Tuesday, March 15, 2011

On Such a Morning

with coffee and peanut butter toast and 800 mg. of ibuprophen, what a breakfast.
So much going on, so, so much. Soon my parents visit (huzzah to the skies!) M & I are scrambling to balance some serious plans, including travel and well, other, and prepping the guest room, the sun room and deck,hanging curtains (you just wait!) with painting (there is a disturbing firework chrysanthemum of velvet red on the bathroom wall where I wanted to get a sense of the color and then just stopped.) I have now the most wonderful kitchen bench--beyond my wishes for it--gorgeous wood, a carving at the back and a storage bench underneath! All those wonderful aprons and kitchen extra sillinesses will have a home. I attempted to re-embargo my book (Teatime) with UC and found that I have little time to publish it and only one additional year of embargo available. This means editing poems and the book as a whole. I meant to attend Colerain for that, but the one and only Stevarino will be in town that very same weekend. Worth it.

And April awaits with all of its poetic responsibility. Chicky and I are writing food poems and I am trying to set students up to do the balloon launch and guerella poetry events all month. I would like the campus abloom with verse, if not all of Columbus. Anyway, lots of travel and well, interesting events up ahead. I am busy, a little freaked-out but generally so happy.

Found the site to register by hot pink bus found back in the days of Victorian Village. It is very much my kind of project and I feel happy again to have found that little playing card sized block of fucshia and bus-yellow wood.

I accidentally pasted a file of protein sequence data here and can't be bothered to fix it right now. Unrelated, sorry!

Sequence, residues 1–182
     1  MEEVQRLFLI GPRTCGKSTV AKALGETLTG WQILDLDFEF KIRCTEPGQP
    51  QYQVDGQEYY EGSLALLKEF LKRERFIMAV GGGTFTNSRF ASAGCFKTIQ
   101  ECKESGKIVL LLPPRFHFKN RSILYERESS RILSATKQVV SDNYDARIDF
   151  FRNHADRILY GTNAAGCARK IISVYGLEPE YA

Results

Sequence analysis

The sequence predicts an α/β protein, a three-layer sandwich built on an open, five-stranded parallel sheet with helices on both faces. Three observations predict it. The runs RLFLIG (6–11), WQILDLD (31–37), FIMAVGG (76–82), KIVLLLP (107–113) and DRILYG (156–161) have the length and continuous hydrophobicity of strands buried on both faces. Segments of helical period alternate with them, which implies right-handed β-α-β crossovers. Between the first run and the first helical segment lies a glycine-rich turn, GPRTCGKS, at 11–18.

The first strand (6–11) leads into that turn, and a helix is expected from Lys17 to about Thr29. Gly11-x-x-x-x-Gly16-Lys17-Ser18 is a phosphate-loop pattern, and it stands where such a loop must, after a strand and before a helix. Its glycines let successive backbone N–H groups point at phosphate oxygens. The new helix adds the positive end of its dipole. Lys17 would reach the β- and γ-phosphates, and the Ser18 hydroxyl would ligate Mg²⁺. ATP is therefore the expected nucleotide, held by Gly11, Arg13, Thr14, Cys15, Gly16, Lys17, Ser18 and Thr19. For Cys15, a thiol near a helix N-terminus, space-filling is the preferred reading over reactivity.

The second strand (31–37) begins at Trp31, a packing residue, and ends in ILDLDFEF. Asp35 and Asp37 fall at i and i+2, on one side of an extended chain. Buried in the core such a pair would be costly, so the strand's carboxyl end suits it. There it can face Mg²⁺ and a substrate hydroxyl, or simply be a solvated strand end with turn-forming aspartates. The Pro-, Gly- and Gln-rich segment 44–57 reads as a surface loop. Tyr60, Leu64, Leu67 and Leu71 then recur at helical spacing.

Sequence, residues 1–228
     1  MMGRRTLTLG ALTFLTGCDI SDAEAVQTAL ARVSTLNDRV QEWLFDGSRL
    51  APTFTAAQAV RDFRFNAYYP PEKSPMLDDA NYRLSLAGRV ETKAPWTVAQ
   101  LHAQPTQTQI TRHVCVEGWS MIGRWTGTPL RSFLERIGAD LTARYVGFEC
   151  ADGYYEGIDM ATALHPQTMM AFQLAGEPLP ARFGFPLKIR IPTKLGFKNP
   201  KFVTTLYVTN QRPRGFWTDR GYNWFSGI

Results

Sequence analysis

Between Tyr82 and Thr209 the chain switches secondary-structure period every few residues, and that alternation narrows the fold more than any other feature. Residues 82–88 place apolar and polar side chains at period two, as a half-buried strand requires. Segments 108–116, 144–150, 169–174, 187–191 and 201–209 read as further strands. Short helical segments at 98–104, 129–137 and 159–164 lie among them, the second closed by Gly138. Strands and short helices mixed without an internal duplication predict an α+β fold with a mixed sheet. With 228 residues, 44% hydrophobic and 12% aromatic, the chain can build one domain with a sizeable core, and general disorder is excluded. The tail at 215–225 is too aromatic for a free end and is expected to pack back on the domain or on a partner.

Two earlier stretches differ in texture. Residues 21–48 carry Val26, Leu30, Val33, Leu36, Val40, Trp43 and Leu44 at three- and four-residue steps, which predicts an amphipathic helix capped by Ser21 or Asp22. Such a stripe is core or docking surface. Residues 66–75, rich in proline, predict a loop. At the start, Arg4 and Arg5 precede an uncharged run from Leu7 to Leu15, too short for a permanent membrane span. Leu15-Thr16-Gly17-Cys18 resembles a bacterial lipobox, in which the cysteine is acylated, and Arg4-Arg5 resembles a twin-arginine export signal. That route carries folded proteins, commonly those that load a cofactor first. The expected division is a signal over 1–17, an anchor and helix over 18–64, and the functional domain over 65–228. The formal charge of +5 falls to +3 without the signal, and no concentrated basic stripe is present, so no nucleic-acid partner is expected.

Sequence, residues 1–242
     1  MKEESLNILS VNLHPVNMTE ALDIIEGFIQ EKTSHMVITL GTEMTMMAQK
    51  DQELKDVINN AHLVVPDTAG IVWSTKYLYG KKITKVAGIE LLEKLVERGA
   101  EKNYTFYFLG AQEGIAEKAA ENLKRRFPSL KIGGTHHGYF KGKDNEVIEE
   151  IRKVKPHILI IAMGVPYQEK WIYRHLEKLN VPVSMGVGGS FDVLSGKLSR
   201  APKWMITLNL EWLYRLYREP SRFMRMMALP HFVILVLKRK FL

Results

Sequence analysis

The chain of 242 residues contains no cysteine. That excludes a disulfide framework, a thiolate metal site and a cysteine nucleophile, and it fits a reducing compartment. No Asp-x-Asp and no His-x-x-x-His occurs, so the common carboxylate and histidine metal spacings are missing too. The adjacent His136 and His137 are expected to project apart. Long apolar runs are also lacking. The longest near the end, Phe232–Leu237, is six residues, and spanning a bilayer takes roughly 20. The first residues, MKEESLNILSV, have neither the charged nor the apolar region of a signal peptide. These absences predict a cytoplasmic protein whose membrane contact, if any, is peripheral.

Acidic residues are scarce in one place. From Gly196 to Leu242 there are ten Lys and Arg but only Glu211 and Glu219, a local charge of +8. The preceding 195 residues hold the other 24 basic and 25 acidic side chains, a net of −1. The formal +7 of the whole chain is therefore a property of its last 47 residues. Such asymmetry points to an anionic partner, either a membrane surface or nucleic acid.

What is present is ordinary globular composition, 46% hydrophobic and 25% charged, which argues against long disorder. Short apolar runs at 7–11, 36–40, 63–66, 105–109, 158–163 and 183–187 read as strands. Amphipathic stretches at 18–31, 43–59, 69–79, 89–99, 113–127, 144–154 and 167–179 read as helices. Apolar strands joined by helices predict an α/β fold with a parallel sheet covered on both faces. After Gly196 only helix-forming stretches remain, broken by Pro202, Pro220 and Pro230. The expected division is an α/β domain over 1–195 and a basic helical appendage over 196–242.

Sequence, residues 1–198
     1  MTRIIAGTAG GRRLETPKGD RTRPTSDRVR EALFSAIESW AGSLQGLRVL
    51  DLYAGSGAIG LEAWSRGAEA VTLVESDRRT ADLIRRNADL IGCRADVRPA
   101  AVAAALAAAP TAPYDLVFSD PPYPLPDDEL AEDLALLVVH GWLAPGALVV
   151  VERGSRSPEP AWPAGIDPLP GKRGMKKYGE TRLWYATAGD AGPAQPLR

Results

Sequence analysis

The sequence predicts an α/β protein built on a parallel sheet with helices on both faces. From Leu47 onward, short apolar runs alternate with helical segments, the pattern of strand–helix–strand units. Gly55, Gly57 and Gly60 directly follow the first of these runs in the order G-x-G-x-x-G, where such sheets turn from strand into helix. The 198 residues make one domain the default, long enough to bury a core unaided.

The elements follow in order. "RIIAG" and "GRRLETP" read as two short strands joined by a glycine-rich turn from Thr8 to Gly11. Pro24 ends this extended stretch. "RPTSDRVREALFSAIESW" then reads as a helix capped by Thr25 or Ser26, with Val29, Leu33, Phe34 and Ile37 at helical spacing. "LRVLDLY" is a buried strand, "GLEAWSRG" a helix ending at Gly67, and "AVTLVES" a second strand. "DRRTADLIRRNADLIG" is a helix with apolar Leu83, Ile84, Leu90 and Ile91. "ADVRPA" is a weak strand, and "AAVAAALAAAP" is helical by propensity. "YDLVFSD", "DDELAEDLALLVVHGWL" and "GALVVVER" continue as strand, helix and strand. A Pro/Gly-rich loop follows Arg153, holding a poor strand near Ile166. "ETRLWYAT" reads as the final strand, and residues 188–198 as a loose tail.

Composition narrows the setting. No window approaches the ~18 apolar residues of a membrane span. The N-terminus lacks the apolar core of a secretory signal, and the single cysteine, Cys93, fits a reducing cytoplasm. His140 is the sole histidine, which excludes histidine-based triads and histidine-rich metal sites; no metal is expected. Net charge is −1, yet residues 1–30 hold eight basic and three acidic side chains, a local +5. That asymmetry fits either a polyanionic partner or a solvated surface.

I have excised a lot of overvigilance from my life and this finding of this hidden-thing and the artful and civic connections it brings, remind me that some sorts of watching-closely are still good.

Instructions for Vigilant Girls

Be the sleeping sister who sees no one.
Stay stuck in. Later, hand over

a list of suspects: the handyman,
the bachelor neighbor, the uncle

who was never really your uncle.
When there are conversations,

take notes in your secret diary:
She said she saw him look at things.

Wear the key in your hair. No one
will search there. Speak on behalf

of the soon-to-be-missing, but if they play
in the woods near your home, do not

trail them to an encounter with the man
in the conversion van who gently insists

you hunt for his puppy and means you
no harm through his pleated pockets filled

with stars and balloons, real pieces
of the moon. Resist. Try not to lick anything.

Bring your gum eraser and be invisible
as a grackle to the well-trained watcher

who follows your movements
but never reports them until

you are found veiled in a strip mall basement,
throat unfurling with threats and questions.

Erika Meitner

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